01. NeuroTracker

New Research: NeuroTracker Improves Pro Baseball Hitting

May 9, 2024

It’s rare for pro sports teams to engage in peer-reviewed neuroscience studies. It’s even less rare to study ‘far transfer’, that is, whether or not generic forms of training can produce measurable improvements in competitive sports performance. Researchers from Nishinippon Institute of Technology, Kyusyu Institute of Technology, and Kyushu Sangyo University teamed up with the Saitama Seibu Lions, a professional baseball team in Japan's Pacific League. Their goal was to investigate if training with NeuroTracker’s 3D multiple object tracking could produce far transfer effects by enhancing hitting performance. Here we will summarize the surprising results.

Breaking New Ground in NeuroTracker Research

Although there are over 100 independently published NeuroTracker studies, this ambitious study titled ‘Transferability of Multiple Object Tracking Skill Training to Professional Baseball Players’ Hitting Performance’, employed some new research methodologies.

Firstly, the training intervention spanned approximately 5 months, with coaches at the Seibu Lions advising on the most relevant performance metrics to measure.

Secondly, the study gave the baseball players the freedom to choose when and where to do their training using the remote capabilities of the NeuroTrackerX platform.

Lastly, this was the first NeuroTracker study to examine the effects of extended training, with some players completing above 80 sessions (vs the standard of 30 sessions). For this reason, some dual-task NeuroTracker training was incorporated into the intervention according to the patented NeuroTracker Learning System. This is the first research to include this methodology in a far transfer study.

What Was Studied

12 pro baseball players undertook the NeuroTracker training intervention. Most players opted to perform their NeuroTracker sessions following their baseball practice (74.8% of sessions).  

Out of these players, 6 met the inclusion criteria (factoring in effects of player transfers and injuries) for studying far transfer effects to competition performance. 2 of the baseball players were short-distance hitters, three were medium distance, and one was long-distance.

Data for these athletes was collected from professional league games for 4 months prior to the training, through to 5 months after the starting the NeuroTracker intervention. The performance metrics collected were as follows.

Zone contact: the percentage of batted balls (including foul balls) that occurred when the batter swung.

Zone-swing strike: the percentage of all pitches thrown in the strike zone that resulted in strikes when the batter swung at them.

Outside swing: the percentage of batters who swung at pitches thrown outside the strike zone.

Outside-swing strike: the percentage of cases in which a batter swung at a pitch thrown outside the strike zone.

What Was Found

NeuroTracker pre-post baselines and average learning rates

In terms of group average the players started out with NeuroTracker speed thresholds of around 1.7, which is atypically high for professional athletes. This rose to 2.2 by the end of training - approximately a 30% increase in visual tracking speed skill.

Importantly, learning rates through the extended training intervention showed no ceiling effects, suggesting that long-term NeuroTracker training yields on-going cognitive benefits.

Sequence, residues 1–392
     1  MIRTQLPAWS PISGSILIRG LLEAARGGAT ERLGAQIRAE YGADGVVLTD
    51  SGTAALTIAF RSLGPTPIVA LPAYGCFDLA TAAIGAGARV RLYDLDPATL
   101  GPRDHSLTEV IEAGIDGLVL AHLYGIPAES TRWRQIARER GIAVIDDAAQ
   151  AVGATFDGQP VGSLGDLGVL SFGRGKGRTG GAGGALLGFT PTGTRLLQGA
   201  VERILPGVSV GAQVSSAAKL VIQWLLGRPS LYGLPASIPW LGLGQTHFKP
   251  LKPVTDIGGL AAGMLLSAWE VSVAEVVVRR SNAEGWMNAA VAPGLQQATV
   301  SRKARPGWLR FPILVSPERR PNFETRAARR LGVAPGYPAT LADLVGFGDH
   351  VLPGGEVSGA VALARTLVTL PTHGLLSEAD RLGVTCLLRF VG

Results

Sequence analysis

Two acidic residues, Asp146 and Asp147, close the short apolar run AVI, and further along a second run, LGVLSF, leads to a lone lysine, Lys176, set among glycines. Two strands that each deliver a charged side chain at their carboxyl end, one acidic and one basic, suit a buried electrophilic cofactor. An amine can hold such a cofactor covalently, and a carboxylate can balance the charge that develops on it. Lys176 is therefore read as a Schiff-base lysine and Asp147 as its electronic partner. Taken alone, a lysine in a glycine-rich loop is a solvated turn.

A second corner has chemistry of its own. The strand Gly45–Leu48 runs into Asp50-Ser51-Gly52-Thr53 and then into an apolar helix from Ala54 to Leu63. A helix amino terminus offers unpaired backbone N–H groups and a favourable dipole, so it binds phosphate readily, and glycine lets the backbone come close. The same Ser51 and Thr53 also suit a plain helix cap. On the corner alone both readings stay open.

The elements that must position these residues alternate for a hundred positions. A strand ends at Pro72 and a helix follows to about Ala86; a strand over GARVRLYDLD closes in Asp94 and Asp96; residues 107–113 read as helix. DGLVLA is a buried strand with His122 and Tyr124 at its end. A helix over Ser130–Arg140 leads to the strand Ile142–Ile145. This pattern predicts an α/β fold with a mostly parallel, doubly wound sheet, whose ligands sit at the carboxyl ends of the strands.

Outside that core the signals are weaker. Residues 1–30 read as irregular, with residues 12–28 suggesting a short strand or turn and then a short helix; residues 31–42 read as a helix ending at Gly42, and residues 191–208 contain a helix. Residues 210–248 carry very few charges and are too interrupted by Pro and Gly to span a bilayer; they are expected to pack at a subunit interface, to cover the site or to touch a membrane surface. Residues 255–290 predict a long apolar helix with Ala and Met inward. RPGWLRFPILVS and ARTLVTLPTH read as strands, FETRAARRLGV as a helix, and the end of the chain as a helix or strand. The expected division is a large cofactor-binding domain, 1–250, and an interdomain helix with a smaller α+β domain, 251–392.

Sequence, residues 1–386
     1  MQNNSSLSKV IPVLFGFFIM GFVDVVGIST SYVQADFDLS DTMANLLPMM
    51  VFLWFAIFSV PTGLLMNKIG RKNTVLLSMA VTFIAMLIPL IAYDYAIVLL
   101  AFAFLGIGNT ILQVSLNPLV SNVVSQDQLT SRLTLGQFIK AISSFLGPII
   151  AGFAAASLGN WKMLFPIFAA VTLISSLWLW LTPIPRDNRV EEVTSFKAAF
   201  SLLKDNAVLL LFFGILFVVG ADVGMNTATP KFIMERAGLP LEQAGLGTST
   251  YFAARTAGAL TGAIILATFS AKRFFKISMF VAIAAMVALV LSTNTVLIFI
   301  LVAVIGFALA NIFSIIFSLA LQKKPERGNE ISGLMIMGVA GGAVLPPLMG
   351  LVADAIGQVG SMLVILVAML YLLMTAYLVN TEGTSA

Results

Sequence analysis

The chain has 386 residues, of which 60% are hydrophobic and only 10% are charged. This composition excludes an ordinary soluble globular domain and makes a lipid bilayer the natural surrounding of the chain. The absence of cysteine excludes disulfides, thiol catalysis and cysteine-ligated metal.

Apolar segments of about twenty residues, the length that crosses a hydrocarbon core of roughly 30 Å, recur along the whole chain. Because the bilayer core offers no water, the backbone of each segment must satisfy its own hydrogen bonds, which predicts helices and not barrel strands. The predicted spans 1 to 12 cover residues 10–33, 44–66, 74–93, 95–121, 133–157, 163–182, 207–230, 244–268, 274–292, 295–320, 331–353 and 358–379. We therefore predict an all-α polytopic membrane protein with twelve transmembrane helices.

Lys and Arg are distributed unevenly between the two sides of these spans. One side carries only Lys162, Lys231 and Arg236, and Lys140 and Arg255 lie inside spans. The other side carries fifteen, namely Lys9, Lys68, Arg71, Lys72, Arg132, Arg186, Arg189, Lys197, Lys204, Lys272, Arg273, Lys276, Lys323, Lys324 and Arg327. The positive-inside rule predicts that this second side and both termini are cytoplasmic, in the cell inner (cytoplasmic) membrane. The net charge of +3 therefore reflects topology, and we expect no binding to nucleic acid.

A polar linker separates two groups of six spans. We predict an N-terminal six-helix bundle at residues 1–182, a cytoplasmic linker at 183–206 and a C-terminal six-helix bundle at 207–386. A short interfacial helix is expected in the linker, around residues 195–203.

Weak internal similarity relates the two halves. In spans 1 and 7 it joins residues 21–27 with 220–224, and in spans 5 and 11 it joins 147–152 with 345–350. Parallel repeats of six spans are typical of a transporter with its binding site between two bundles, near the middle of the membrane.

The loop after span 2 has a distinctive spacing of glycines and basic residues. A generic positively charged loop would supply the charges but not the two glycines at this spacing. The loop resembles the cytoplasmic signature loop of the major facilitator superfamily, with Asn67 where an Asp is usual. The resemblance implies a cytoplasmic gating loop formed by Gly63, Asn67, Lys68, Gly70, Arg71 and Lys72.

Hitting Performance for each of the metrics were separated into two sub-categories: fast-balls and non-fastballs.

For batting against fastball pitches there were mixed results, with marginal but non-significant gains overall. The in-conclusive results here may be related to the limits of human perception and reaction.

As baseball and sport-vision expert Dr. Dan Laby states, when it comes to the extreme pitch speeds that pros can reach, hitting a baseball is ‘‘the most difficult task in all of sports’’.

This is because hitters have an effective window of just 150 milliseconds to see the pitch, decide, and then trigger a motor action. This is half the time it takes to blink!

For non-fastball pitches such as curve balls and sliders, significant post-training improvements were seen with surprisingly large effect sizes.

Successful hit rate increased by +12%, while zone swing and outside swing strikes were reduced substantially by -25.3% and -26.5% respectively. Outside swings were also positively reduced by -9.6%.


Given that the time committed to NeuroTracker sessions was just 1 to 1.5 hours per month, the results suggest that this form of training is highly efficient for improving baseball hitting skills. In particular, reducing the number of strikes against curve balls and sliders by over 25% is a big result, essentially reducing the potential of pitchers on the opposing team.

The study also provides initial validation that a training protocol determined by the players themselves can still be very productive. Also, in terms of the on-going benefits found for longer-term training, these study findings indicate for the first time that it would be relevant to investigate such transfer effects across multiple sports seasons.

Lastly, and as mentioned at the outset, this type of research with sports professionals is extremely rare. The Institute for Sport and Exercise Sciences in Germany conducted a meta-review of 1692 cognitive sports studies, finding that only 3 studies successfully examined far transfer to elite sports performance. As such this research may be influential in encouraging more qualitative studies into human cognitive performance.

Transferability of Multiple Object Tracking Skill Training to Professional Baseball Players’ Hitting Performance’ (open-access paper)
Ryousuke Furukado, Yoshiko Saito, Toru Ichikawa 3, Kei Morikawa, Daiki Enokida, Hirohisa Isogai.

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